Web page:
“Virtue signalling” has sort of become this generation’s “politically correct”, a term of abuse for supposedly vacuous public communication by the political left. Much like political correctness, it actually describes something universal across political groups, and use of the term is itself is an example of the phenonemon it describes (i.e., calling something out as “virtue signalling” is a way of virtue signalling to one’s peers, much like decrying “political correctness” is a literally politically correct thing to do in certain circles).
Certain kinds of virtue signalling consist of messages ostensibly sent to the out-group, actually meant for the in-group to see, where the appearance of communication with the out-group is an important part of the real message. The real act of communication seems to be, “Look at me, trying to talk to these savages! That’s how committed I am to our cause!” Unfortunately, a lot of political communication these days really consists of ostentatious displays of self-sacrifice to one’s own tribe, where the sacrifice lies in having to tolerate communication with members of the other tribe.
I’ve covered this ground before, but have a few new insights:
- The proportion of apparent communication between tribes which is really feigned communication designed for consumption by members of one’s tribe may be increasing
- Some communities place a higher value on communication with out-groups than others, perversely raising the likelihood that it is feigned
The first is just a result of the increasing siloing of discourse; communities have more opportunities for self-selection with cable news and social media than any other time in history. Few conservatives watch MSNBC, and fewer liberals watch Fox News. Odds are, when you see a commentator or guest that appears to be ideologically opposed to the main viewership of whichever cable news network you are watching, you are seeing a feigned communication in which the fact that the host is trying hard to “reach the other side” is the real message of value, and that message is solely intended for his or her own political tribe. Any bonafides that the heel commentator may possess only serve to increase the value and validity of the real message. This has been true of talk radio and conservative commentary since at least the days of Wally George, but the fact that any subculture can now have a facebook group or YouTube channel all its own makes the incentive for in-group signalling so much more valuable than genuine out-group communication that a high proportion of fake out-group communication is inevitable.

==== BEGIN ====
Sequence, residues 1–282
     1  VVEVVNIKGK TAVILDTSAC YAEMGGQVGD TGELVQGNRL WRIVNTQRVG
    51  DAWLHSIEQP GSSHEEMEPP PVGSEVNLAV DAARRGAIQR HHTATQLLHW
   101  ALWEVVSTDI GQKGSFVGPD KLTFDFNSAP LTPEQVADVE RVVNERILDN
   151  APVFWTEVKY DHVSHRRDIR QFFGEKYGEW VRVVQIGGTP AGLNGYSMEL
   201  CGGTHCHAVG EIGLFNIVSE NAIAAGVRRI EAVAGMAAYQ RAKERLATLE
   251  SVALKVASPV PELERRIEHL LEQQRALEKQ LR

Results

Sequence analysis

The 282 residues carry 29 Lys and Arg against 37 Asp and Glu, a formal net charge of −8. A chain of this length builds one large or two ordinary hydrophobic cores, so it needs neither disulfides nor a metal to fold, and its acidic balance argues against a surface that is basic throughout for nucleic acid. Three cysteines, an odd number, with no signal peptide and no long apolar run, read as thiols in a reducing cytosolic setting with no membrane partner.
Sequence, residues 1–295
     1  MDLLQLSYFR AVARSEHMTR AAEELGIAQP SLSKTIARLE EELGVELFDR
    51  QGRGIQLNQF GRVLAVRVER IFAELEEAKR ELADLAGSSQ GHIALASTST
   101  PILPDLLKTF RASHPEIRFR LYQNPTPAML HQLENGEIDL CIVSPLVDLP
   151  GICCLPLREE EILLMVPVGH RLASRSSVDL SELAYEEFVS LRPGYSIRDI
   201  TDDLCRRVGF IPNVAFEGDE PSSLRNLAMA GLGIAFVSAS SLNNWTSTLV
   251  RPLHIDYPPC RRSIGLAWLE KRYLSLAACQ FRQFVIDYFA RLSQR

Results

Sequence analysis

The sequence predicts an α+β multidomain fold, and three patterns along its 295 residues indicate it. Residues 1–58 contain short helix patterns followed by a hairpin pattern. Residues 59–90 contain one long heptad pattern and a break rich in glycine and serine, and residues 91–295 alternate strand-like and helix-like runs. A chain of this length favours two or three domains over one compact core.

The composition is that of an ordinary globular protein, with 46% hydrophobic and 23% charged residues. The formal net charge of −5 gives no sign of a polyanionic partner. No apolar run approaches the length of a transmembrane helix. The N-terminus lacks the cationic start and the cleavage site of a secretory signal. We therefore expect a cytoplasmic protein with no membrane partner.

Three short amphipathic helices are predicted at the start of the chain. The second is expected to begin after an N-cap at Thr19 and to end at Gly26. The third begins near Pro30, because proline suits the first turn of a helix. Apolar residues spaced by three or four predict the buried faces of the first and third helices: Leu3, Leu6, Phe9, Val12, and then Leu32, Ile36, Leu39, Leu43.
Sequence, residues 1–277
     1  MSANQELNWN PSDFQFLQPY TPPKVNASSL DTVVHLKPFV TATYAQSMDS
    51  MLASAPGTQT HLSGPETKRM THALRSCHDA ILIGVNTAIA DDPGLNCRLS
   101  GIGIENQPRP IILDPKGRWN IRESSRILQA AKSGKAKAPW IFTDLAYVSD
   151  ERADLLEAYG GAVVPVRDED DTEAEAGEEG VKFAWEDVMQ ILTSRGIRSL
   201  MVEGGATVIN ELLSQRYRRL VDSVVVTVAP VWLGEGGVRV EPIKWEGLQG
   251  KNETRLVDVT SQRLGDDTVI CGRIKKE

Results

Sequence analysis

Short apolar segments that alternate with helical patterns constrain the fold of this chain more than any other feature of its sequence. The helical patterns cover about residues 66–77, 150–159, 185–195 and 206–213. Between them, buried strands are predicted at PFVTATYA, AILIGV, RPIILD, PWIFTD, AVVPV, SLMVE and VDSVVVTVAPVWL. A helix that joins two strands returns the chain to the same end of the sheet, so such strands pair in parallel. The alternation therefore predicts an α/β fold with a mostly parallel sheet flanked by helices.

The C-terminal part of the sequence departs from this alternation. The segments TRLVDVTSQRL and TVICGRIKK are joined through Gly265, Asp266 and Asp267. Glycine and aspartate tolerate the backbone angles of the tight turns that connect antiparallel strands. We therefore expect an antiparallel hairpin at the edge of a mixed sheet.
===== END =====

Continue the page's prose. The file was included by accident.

The second was brought to my attention by my wife, who asked me what the “Revelation 3:20” on the bottom of our In-N-Out burger wrapper meant. She had heard that In-N-Out food comes with Bible verses written discreetly somewhere on the packaging, but still couldn’t decode this apparent combination of TOEFL vocabulary and time of day. It hadn’t occurred to me that In-N-Out’s Bible verses could also be an example of feigned communication, but of course I grew up in a household that at least pretended to think that church was important and hadn’t thought of how opaque something like “Nahum 1:7” (on the bottom of a Double-Double) looks to someone raised without any exposure to the Bible. A straightforward interpretation of the presence of these phrases is that to Christians, this is like whispering a codeword, a message which shows insider knowledge and expertise, while to non-Christians, it is pretty much indistinguishable from “Xanthan Gum”. If that were the sum of its meanings to both groups, it would be either straightforward in-group communication or simply failed communication rather than feigned communication. However, I doubt the owners of In-N-Out, conservative Christians though they are, would waste ink telling fellow Christians something they already knew or giving non-Christians the equivalent of a Dewey Decimal number to look up. They might instead be communicating something to their fellow Christians besides literal Bible verses – they are communicating the fact that they are trying to reach non-Christians, a message with special currency among evangelical Christians. Seen this way, the use of Bible verses makes more sense – it is vastly more important to put the message in an emic form that Christians recognize, since they are the true recipients of the message, than in a form that non-Christians would, since they are only the feigned recipients. In a community where outreach is a core value, feigned communication with out-groups is an especially tempting form of in-group signalling, and although I haven’t been to church in many, many years, I suspect feigned communication with non-Christians is pretty common. I noticed feigned communication first in Japan, but clearly this type of feigned communication takes place in other groups with similar ways of defining themselves.